And she's considering whether to participate in a medical research study. She's also concerned that the personal information she discloses over the course of the study could lead to an increase in the premium on her $100,000 life insurance policy. Her life insurance company has set her annual premium at $1,000, or 1% of the value of her policy, based on actuarial tables that show that someone of her age and gender has a 1% chance of dying in the next year.
Imagine that she decides not to participate in the study, but the study finds that coffee drinkers are more likely to suffer a stroke than non coffee drinkers. Gertrude's life insurance company might learn about this study and update its assessment concluding that as a 65-year-old woman who drinks coffee, Gertrude has a 2% chance of dying in the next year. The insurance company might accordingly decide to increase her annual premium from $1,000 to $2,000.
In this hypothetical, the results of the study led to an increase in Gertrude's life insurance premium, even though she didn't contribute any personal information to the study. This is her baseline risk. It's likely unavoidable because she can't prevent other people from participating in the study. But what she's concerned about is whether her risk can increase above this baseline risk. She's worried that the researchers can conclude, based on the results of medical tests over the course of the study, that she specifically has a 50% chance of dying from a stroke in the next year.
If the data from the study were to be made available to her insurance company, it might decide to increase her insurance premium from $2,000 to more than $50,000 in light of this discovery. In an alternative scenario, imagine that instead of releasing the full data set from the study, the researchers release only a differentially private summary. Differential privacy guarantees that if the researchers use a value of epsilon of 0.01, then the insurance company's
estimate of the probability that Gertrude will die in the next year can increase from 2% to at most 2.04%. This means that Gertrude's insurance premium can increase from $2,000 to, at most, $2,040. So the first year cost of participating in the research study in terms of a potential increase in her insurance premium is at most $40.
One can also generalize from this scenario and view differential privacy as a framework for reasoning about the increased risk that's incurred when an individual's information is included in an analysis. Of course, outside of a stylized example like this, calculating one's baseline is very complex if it's even possible at all. Consider for example, how the 2% baseline risk, which is the insurer's belief about Gertrude's chance of dying in the next year, is dependent on the results from the study, which Gertrude has no way of knowing at the time she makes her decision whether to participate in this study. Baseline may also depend on many other factors Gertrude doesn't know. However, differential privacy provides guarantees relative to every baseline risk.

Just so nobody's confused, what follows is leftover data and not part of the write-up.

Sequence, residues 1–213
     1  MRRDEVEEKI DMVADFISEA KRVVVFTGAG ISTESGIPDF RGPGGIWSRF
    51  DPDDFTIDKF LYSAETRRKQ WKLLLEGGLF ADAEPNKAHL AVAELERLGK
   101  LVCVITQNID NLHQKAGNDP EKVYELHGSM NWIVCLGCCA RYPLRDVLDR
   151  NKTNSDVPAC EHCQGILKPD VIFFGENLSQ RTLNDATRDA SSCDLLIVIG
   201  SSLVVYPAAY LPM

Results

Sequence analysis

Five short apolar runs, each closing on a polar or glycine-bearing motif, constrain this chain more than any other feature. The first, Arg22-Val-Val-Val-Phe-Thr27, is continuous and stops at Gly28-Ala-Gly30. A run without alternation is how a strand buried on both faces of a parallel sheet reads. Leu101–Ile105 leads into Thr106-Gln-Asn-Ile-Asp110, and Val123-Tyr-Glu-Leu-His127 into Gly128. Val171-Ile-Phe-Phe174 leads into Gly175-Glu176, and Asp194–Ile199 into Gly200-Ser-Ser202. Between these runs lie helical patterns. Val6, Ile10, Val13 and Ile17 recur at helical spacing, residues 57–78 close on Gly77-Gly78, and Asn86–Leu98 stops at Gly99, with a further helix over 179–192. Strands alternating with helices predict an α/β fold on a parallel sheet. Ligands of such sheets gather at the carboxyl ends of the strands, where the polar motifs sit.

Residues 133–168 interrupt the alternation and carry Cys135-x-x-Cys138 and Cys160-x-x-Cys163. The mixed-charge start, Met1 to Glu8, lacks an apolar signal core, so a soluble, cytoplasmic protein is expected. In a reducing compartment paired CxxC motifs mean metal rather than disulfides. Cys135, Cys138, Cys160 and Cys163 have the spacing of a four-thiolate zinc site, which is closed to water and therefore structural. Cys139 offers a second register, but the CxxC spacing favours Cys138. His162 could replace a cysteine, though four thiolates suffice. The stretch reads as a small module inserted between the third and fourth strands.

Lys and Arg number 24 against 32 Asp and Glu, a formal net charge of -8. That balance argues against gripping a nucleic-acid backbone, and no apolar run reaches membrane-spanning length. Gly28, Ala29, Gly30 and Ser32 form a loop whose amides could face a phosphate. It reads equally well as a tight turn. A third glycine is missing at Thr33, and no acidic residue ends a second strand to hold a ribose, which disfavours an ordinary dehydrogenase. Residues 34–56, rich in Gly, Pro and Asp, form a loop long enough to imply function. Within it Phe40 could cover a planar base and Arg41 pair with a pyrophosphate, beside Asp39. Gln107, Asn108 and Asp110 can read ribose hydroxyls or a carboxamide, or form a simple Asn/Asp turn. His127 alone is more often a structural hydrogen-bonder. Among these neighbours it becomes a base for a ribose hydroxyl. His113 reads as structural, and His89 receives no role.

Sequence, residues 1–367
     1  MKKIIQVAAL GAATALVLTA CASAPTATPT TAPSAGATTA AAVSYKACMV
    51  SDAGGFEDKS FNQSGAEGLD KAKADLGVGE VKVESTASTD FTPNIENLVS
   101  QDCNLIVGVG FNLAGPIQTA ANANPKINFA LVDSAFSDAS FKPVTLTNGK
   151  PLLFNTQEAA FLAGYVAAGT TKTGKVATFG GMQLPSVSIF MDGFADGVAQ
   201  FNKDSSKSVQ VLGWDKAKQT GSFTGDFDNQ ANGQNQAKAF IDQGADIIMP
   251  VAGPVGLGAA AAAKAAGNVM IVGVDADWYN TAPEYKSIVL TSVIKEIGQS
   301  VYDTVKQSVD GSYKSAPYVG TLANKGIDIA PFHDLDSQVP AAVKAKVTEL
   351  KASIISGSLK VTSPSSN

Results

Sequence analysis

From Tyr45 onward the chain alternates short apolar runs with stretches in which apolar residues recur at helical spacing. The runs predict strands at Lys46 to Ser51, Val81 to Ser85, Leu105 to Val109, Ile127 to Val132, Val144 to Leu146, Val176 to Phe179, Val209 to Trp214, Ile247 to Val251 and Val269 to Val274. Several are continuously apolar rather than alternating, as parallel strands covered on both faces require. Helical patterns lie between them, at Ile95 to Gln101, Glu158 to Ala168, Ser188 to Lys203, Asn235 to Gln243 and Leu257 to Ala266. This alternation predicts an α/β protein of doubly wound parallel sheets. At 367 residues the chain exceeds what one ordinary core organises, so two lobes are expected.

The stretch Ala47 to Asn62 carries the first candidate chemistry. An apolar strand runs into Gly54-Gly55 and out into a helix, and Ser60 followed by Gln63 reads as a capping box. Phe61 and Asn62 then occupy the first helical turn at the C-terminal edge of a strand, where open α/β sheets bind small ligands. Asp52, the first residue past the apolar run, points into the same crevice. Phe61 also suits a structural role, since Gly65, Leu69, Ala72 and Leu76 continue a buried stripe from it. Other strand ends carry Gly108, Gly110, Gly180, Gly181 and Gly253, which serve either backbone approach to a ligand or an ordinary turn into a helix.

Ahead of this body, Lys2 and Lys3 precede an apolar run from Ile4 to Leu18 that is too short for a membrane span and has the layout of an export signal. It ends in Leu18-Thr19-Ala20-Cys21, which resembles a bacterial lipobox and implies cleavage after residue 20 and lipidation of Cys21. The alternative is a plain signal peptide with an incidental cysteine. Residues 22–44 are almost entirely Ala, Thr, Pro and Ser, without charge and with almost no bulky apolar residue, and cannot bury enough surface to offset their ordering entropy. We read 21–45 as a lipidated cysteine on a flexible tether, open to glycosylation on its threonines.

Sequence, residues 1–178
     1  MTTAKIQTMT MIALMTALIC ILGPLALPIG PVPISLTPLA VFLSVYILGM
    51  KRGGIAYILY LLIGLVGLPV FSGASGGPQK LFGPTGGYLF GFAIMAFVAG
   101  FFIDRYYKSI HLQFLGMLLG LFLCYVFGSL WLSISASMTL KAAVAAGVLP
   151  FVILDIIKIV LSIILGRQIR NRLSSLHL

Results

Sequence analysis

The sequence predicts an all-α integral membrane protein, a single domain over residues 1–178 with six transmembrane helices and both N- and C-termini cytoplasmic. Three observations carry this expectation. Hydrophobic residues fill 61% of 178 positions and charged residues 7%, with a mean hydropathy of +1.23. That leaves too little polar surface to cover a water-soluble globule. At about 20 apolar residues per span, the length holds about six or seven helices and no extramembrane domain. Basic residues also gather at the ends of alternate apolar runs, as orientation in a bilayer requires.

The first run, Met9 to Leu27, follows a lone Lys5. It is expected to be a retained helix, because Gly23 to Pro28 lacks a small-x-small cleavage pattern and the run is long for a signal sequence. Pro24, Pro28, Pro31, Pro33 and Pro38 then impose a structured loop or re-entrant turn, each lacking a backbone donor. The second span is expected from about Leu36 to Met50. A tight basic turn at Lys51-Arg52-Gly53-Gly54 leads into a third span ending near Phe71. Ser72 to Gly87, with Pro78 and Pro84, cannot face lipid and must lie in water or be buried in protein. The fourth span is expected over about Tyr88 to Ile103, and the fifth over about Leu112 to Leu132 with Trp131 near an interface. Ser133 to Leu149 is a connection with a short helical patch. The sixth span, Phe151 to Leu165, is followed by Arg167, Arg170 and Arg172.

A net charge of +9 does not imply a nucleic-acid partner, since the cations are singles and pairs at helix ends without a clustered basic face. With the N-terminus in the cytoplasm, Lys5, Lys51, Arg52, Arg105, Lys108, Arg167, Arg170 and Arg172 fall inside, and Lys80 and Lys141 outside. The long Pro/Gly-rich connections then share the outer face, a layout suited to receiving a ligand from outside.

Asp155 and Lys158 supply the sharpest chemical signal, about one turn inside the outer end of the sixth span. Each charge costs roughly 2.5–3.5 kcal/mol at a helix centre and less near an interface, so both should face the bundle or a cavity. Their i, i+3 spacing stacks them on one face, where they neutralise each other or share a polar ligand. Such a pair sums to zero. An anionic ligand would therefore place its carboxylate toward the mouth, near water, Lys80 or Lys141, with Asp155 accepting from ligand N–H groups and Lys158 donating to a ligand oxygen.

This means Gertrude can know for certain how participating in the study might increase her risks relative to opting out, even if she doesn't know apriori all of the privacy risks posed by the data release. This enables Gertrude to make a more informed decision about whether to take part in the study. For example, she can calculate how much additional risk she might incur by participating in the study over a range of possible baseline risk values and decide whether she's comfortable with taking on the risks entailed by these different scenarios.
Also, the guarantee covers not only changes in her life insurance premiums but also her health insurance and more. Our chapter also covers topics relevant to practitioners considering implementing differentially private solutions at their institutions. It's important to note that a number of challenges come with making this transition.
For example, deploying differential privacy often changes how data is accessed by data users. It requires the addition of noise and attention to privacy utility trade off. And the privacy loss budget may require shifting from static data publications to interactive modes of access, especially in light of certain utility considerations. There are also implications for the data lifecycle.
The privacy loss budget is an unavoidable mathematical fact, but setting the budget is a policy question. These considerations have potential implications for collection, storage, transformation, and retention. They also implicate legal requirements as well as technical ones. The chapter uses modern privacy frameworks to explain how to determine whether the use of differential privacy is an appropriate solution in a given setting. And it characterizes principles for selecting differential privacy in conjunction with other controls. These principles include calibrating privacy and security controls to the intended uses and privacy risks associated with the data, and anticipating, regulating, monitoring, and reviewing interactions with data across all stages of the lifecycle, including the post access stages as risks and methods will evolve over time.